Prime Minister Jacinda Ardern travels through the City Rail Link (CRL) tunnels


City Rail Link, CRL, Jacinda Ardern, new zealand,


As the tunnel boring phase for CRL nears completion, works have already started on the project’s next phase, including 16km of rail and more than 1,500km of cable. 

The completion of the tunnel boring phase is expected this month, and works have already started on the next phase in the project, the fit-out for our future, he says. This includes a vast array of equipment and materials, including 16km of rail and more than 1,500 km of cable.

“These important milestones bring the CRL project into sharp focus, and we will soon literally see the light at the end of the tunnel,” says CRL’s Boss, Dr Sean Sweeney. “This project will elevate New Zealand’s largest city’s transport network to match that of other world-class cities.

It will allow Aucklanders to navigate their city quicker, more easily and farther from the centre.” As part of the next project phase, a System Integration Facility (SIF) has been established and is designing and implementing technical solutions to integrate CRL sub-systems into a new Auckland rail network operating configuration, with state-of-the-art software and hardware already purchased.

These include the control systems, station systems, communications systems, and some of the key rail systems required to operate jointly to complete the CRL. Rail tracks are on site and being prepared for laying in the tunnels, as well as sleepers, electronics, safety systems and other essential componentry, adds Dr Sweeney.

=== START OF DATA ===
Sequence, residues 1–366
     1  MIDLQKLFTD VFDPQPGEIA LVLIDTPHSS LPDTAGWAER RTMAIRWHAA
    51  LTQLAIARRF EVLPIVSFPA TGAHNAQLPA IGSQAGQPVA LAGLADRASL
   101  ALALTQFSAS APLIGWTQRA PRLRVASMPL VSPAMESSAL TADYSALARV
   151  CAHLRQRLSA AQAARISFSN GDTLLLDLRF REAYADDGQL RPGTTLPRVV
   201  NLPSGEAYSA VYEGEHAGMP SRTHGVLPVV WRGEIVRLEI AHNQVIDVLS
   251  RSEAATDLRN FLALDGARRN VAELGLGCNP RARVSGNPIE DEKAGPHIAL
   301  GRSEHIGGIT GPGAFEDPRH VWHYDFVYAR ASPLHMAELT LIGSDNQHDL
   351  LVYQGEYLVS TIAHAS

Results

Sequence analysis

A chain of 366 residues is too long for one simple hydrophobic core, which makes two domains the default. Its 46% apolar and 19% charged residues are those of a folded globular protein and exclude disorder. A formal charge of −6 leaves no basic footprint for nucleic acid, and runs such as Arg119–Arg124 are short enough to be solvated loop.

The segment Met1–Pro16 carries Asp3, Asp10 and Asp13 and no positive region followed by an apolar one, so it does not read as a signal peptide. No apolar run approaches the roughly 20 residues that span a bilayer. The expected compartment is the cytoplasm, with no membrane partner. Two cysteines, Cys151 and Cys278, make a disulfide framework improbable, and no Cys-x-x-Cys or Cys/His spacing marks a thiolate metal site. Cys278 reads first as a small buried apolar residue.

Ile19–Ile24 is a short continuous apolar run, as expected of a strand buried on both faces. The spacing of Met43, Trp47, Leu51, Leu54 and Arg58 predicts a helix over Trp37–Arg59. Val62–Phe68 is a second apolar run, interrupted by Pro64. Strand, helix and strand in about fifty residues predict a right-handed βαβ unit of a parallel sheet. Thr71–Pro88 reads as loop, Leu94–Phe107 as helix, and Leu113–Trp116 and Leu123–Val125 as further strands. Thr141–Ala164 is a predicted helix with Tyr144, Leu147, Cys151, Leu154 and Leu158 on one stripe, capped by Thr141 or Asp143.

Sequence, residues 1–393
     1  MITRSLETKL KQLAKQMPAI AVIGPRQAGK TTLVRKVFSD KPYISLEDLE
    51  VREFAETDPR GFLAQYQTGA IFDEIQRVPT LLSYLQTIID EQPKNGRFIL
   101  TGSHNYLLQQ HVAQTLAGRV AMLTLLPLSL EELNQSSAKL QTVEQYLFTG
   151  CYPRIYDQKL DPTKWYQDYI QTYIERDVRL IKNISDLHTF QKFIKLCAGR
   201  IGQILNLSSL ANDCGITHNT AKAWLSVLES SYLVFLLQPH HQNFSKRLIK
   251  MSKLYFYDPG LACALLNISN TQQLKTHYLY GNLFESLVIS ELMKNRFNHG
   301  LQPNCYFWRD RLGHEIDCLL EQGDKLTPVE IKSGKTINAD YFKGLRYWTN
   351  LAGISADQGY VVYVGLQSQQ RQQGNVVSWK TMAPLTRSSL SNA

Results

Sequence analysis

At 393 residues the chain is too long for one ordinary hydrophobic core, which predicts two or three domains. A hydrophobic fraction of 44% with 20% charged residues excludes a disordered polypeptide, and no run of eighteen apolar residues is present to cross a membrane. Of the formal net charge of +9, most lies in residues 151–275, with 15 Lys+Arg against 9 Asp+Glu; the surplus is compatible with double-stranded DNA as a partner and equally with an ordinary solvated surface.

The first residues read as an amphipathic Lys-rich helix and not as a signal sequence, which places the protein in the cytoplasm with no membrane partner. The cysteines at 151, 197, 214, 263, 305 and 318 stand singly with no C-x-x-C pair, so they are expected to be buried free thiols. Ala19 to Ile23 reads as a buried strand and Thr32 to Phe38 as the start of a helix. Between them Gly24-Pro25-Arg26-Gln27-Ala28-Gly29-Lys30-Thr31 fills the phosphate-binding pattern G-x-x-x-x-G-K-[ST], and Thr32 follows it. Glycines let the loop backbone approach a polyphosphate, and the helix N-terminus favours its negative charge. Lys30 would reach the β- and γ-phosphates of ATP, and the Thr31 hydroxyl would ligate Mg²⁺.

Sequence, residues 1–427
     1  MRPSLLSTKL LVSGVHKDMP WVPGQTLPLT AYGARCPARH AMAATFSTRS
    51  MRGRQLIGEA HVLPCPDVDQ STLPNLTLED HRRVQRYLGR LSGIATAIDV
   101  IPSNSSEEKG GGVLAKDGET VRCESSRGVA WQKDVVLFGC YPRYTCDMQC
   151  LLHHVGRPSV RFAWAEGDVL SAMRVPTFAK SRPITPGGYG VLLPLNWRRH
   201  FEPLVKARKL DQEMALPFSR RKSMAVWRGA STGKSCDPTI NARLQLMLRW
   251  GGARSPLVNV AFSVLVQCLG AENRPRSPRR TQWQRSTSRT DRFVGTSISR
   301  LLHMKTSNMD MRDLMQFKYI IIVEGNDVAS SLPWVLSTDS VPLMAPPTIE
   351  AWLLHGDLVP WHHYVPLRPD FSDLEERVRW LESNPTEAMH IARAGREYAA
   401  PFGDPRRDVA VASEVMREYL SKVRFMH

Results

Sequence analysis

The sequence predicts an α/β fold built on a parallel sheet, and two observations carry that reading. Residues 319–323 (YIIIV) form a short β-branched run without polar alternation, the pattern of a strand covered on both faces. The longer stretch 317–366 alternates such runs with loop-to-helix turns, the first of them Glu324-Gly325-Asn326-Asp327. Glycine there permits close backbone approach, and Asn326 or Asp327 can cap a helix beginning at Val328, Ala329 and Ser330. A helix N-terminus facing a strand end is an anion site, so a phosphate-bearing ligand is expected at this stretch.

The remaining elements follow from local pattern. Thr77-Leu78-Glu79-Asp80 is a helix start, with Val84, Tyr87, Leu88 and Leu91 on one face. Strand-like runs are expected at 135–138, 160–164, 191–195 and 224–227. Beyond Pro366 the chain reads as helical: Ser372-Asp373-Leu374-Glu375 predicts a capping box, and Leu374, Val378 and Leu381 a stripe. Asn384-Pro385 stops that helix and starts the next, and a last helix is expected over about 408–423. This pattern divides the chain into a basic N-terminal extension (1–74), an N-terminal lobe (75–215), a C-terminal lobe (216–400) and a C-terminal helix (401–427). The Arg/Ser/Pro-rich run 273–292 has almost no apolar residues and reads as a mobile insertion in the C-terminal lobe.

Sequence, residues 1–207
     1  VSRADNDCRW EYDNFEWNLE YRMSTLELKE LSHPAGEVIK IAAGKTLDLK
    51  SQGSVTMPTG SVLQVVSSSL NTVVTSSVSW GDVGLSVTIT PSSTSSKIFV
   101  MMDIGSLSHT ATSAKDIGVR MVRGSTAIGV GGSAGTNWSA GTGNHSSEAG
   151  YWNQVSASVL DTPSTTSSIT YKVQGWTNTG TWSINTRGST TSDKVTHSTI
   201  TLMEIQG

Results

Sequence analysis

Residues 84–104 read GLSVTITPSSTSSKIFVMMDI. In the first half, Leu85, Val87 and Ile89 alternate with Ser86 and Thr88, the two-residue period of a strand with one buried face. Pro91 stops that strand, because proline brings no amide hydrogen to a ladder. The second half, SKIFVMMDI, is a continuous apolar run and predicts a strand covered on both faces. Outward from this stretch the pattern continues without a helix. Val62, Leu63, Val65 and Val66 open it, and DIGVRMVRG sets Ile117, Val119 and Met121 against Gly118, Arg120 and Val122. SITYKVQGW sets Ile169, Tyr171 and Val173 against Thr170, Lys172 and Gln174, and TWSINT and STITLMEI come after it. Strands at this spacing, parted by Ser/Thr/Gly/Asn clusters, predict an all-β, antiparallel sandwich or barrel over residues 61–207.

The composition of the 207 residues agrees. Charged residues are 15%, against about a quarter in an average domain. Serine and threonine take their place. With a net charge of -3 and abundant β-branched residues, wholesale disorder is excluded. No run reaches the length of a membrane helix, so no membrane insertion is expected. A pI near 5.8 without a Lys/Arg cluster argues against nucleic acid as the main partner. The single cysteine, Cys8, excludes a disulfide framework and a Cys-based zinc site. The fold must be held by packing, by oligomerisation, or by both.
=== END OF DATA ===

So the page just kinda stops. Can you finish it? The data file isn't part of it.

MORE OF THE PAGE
“This is the biggest fit-out of a transport infrastructure project in New Zealand construction history,” he says.

During her visit, the Prime Minister travelled across three station sites – Maungawhau/Mt Eden Station, Karanga-a-Hape Station (Karangahape) and Te Waihorotiu Station (Aotea) – riding in an electric buggy through the recently bored tunnel and gaining a unique perspective underground.

Video Source: City Rail Link via YouTube

Dr Sweeney says a lot has been achieved since the project’s inception. Construction on Te Waihorotiu Station, for instance, began in November 2019 and, despite the impact of Covid on construction timelines, remains on track. In that time, the team relocated and upgraded a vast array of city centre utilities away from the station box area, completed all station foundation walls, constructed roof stabs in several areas, completed significant underground excavation, and recently erected external cladding.

“The brilliant station designs, unique to New Zealand Aotearoa’s culture, are taking shape before our eyes,” he says, “while the construction of 3.45km twin tunnels is a massive achievement and has never been attempted in this country before.”

The equipment, materials and componentry for the stations and tunnels fit-out include:

  • 16 km of rail

  • 816km signal cables

  • 247km low voltage cables

  • 74km cable containment

  • 86km traction cables

  • More than 5,100 sqm of metal cladding

  • More than 4,000 sqm glazing

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